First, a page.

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News > Colombia

Colombians Call on Duque's Gov't to Maintain Peace Process With ELN

  • Police and security personnel work at the scene where a car bomb exploded, according to authorities, in Bogota, Colombia Jan. 17, 2019.

    Police and security personnel work at the scene where a car bomb exploded, according to authorities, in Bogota, Colombia Jan. 17, 2019. | Photo: Reuters

Published 18 January 2019

The renewed uncertainty over the peace process between the Colombian government and the leftist ELN group comes after Thursday's car bomb attack on a police school that left 21 dead.

After the attack in Bogota that left 21 dead and 68 wounded, hundreds of Colombians are demanding that President Iván Duque not give up on the agreements for the cessation of violence with the National Liberation Army, or ELN, and insist on maintaining the dialogue table the leftist guerrilla group.

Toll from Colombia Car Bomb Rises to 21: Police

Through Twitter, they used the hashtag #AdelantePorLaPaz (forward with peace) in which they expressed their desire for the end of the armed conflict in the South American country as well as lamenting the loss of lives in the attack.

"#AdelantePorLaPaz It is the only way to make Colombia a country where young people: cadets, peasants and students are not killed and silenced in the context of a conflict that the only thing that generates us is death and rupture of the social fabric," one user said in a tweet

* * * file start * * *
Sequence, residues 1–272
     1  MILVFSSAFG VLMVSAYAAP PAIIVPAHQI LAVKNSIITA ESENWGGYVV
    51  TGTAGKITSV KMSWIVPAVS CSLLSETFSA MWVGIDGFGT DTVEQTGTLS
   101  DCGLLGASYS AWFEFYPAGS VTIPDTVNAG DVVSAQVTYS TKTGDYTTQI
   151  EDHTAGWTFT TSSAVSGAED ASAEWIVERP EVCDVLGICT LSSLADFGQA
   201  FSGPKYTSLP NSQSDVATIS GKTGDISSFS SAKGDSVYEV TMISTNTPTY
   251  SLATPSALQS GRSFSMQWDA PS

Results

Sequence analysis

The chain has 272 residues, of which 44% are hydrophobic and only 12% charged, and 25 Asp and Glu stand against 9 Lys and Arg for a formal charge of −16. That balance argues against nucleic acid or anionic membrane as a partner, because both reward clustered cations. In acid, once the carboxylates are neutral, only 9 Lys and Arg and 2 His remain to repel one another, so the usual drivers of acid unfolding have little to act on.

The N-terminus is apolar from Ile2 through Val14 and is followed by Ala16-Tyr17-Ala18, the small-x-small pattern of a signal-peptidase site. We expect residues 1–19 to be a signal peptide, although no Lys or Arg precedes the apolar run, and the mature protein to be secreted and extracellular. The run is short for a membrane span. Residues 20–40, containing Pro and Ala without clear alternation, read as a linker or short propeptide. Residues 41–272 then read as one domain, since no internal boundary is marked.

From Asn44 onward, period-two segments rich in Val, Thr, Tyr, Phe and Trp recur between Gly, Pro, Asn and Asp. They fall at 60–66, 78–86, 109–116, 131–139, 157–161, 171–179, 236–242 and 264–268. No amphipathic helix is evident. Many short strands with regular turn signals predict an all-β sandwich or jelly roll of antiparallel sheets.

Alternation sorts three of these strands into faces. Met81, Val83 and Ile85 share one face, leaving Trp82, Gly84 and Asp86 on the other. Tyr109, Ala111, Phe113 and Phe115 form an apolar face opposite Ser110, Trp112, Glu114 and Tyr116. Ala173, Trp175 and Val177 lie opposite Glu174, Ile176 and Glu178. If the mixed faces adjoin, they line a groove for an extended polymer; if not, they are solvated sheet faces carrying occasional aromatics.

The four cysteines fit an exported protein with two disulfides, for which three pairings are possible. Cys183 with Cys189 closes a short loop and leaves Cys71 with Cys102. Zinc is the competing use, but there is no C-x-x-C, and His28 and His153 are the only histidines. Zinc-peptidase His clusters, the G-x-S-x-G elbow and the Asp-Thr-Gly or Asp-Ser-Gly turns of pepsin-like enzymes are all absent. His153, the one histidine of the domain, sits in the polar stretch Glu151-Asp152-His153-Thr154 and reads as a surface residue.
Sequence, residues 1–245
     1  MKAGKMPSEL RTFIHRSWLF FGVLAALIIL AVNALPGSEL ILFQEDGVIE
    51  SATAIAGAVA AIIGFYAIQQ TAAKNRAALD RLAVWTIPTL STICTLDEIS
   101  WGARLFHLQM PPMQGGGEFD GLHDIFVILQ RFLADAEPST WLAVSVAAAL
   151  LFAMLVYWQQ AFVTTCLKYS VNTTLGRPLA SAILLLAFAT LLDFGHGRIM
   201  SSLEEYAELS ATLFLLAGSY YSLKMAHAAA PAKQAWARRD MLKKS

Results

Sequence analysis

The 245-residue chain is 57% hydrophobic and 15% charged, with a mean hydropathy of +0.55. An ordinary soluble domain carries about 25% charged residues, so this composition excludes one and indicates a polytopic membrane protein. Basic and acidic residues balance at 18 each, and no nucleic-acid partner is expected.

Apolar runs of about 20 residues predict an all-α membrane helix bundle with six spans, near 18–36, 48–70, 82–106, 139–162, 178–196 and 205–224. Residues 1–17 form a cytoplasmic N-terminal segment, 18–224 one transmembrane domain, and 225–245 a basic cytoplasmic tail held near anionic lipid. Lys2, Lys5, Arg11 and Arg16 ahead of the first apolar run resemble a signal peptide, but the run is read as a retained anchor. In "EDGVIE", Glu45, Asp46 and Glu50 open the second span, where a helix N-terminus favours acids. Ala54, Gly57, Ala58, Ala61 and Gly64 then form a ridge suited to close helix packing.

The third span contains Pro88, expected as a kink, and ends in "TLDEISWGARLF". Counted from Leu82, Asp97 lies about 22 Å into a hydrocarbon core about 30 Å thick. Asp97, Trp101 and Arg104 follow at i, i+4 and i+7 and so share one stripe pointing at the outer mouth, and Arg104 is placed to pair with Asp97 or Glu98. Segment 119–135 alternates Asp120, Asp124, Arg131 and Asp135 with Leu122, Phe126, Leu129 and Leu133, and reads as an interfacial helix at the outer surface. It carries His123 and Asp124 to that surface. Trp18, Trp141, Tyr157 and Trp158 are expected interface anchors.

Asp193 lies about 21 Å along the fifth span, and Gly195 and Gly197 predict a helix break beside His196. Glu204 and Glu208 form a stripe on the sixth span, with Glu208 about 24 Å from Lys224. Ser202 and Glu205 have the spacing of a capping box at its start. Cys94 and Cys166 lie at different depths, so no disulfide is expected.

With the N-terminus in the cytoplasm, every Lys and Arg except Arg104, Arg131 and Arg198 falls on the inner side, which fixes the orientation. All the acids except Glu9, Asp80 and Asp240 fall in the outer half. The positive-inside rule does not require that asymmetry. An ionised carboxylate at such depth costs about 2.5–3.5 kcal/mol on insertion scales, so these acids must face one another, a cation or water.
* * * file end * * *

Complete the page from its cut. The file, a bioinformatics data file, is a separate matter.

"The government @IvanDuque believes that dialogue with the ELN, will not achieve peace, and instead wants to defeat it militarily. That was done 16 years ago with the Farc, and Uribe in eight years could not. Let's not wait for more four years of violence and death," another Colombian said through the social media website. 

The call for maintaining the peace process came shortly after the government of Ivan Duque officially accused the ELN of ordering the attack. The leftist group has yet to issue an official statement on the accusations, however, the group did issue a tweet from its official Twitter account rejecting reports of its responsibility yesterday on media outlets and by officials following the bombing.

The Colombian government and the ELN had initiated peace talks in February 2017 under a mandate by former President Juan Manuel Santos.

Those talks are currently in an evaluation phase. In a move that pushes peace talks further away, on Nov. 21 the Colombian government announced they won’t suspend the Interpol arrest order against Nicolas Rodriguez, known as Gabino, who was designated as the ELN's chief peace negotiator.

The county’s prolonged armed conflict has been ongoing since the 1960s. Between October 2017 and January 2018, the Colombian government and the ELN agreed on a bilateral ceasefire that lasted 101 days.

Since then, the militant organization ordered unilateral truces, in what they claimed was in an effort to prevent any impediment of the voting process during last year's elections.

Funded and sponsored by Catholic priests and rebels, ELN is currently the largest active guerrilla group in Colombia after the peace agreement and demoralization of the Revolutionary Armed Forces of Colombia.

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